When a tooth develops a cavity, the decayed tissue must be removed. The earliest devices for doing this were picks and enamel scissors. Later, two-edged cutting instruments were designed that were twirled in both directions between the fingers. The father of modern dentistry, Frenchman Pierre Fauchard (1678-1761), described an improved drill in 1728. Its rotary (turning around a central point) movement was powered by catgut twisted around a cylinder, or by jewelers' bowstrings. A hand-cranked dental drill bit was patented by John Lewis in 1838. George Washington's dentist, John Greenwood (1760-1819), invented the first known "dental foot engine" in 1790. Greenwood adapted his mother's foot-treadle (pedal) spinning wheel to rotate a drill. Greenwood's dentist son continued to use the drill, but the idea went no further.
Early Drill Designs
Scottish inventor James Nasmyth used a coiled wire spring to drive a drill in 1829. Charles Merry of St. Louis, Missouri, adapted Nasmyth's drill by adding a flexible cable to it in 1858. The first motor-driven drill appeared in 1864, the design of Englishman George F. Harrington. This "motor drill" was a hand-held device powered by the spring action of a clock movement. In 1868 American George F. Green introduced a pneumatic (air-driven) drill powered by a pedal bellows. Fellow American James B. Morrison patented a pedal bur drill in 1871. A further improvement of the Nasmyth-Merry design, the bur drill featured a flexible arm with a handpiece to hold the drill, a foot treadle, and pulleys. Each of these developments increased the speed at which the drill operated.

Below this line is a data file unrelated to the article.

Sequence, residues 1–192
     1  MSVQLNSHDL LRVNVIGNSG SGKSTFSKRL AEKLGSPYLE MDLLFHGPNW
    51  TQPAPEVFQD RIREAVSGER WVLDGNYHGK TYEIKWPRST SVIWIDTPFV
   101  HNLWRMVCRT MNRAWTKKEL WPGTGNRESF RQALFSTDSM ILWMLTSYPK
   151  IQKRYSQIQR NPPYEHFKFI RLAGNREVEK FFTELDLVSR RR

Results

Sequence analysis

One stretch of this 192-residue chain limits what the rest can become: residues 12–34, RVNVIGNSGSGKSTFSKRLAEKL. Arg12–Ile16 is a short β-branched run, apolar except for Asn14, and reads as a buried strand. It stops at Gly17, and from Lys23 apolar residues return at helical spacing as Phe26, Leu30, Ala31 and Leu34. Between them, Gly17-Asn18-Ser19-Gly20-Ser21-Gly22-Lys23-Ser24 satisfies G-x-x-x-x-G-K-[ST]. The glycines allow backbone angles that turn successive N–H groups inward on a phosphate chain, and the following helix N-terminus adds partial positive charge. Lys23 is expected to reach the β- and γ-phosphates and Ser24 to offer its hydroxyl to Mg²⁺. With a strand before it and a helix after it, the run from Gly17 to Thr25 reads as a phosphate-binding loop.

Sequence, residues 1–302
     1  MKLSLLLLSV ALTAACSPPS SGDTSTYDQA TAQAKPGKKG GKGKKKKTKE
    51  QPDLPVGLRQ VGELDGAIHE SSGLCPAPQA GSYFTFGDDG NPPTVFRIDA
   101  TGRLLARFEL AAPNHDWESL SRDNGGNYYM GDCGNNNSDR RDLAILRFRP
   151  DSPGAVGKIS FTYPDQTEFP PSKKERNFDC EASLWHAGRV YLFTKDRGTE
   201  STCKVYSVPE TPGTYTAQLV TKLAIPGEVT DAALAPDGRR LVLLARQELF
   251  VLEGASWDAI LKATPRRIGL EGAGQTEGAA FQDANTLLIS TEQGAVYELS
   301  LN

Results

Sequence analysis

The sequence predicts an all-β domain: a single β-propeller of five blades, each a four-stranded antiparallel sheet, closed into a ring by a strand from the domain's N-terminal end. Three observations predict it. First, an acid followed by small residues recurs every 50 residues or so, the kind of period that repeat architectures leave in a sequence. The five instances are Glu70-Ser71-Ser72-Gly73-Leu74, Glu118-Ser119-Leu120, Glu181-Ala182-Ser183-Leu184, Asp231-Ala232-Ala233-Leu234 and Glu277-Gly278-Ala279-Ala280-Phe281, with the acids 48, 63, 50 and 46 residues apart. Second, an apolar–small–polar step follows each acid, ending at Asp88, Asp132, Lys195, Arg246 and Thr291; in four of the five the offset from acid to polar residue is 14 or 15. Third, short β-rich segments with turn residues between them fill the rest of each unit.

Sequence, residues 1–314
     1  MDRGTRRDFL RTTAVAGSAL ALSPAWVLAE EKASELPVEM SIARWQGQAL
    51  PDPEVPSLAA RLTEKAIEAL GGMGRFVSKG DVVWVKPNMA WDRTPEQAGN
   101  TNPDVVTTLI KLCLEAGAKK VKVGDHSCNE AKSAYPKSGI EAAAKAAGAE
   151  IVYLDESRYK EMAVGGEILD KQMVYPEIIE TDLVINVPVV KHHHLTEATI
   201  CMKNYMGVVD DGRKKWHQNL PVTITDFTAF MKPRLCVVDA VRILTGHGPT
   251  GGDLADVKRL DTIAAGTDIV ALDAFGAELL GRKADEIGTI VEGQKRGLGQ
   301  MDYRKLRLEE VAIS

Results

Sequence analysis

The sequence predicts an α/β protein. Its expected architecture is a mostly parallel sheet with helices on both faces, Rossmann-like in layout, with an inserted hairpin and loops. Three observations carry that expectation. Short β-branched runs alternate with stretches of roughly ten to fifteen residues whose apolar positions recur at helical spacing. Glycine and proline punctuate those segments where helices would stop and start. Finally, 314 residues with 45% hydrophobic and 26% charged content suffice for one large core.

In 1874, six years after he made his original contribution to drills, Green added electricity to the dental drill. Green's drill was powered by electromagnetic motors and worked well, but it was also heavy and expensive. Plug-in electric drills became available in 1908. By that time, most dental offices had electricity.
The Modern Dental Drill
Once efficient, mechanically-driven drills became widely available, teeth could be properly and accurately prepared for well-fitting crowns (an artificial substitute for the part of the tooth projecting beyond the gum line) and fillings. American teeth blossomed with the gold of inlays (a filling for a tooth made from a mold) and crowns. Modern dental drills are turbine-powered and rotate at speeds of 300,000 to 400,000 revolutions per minute. Drills generate a large amount of heat but are less irritating to the patient because the cutting action is smoother.
[See also Dental fillings, crown, and bridge ]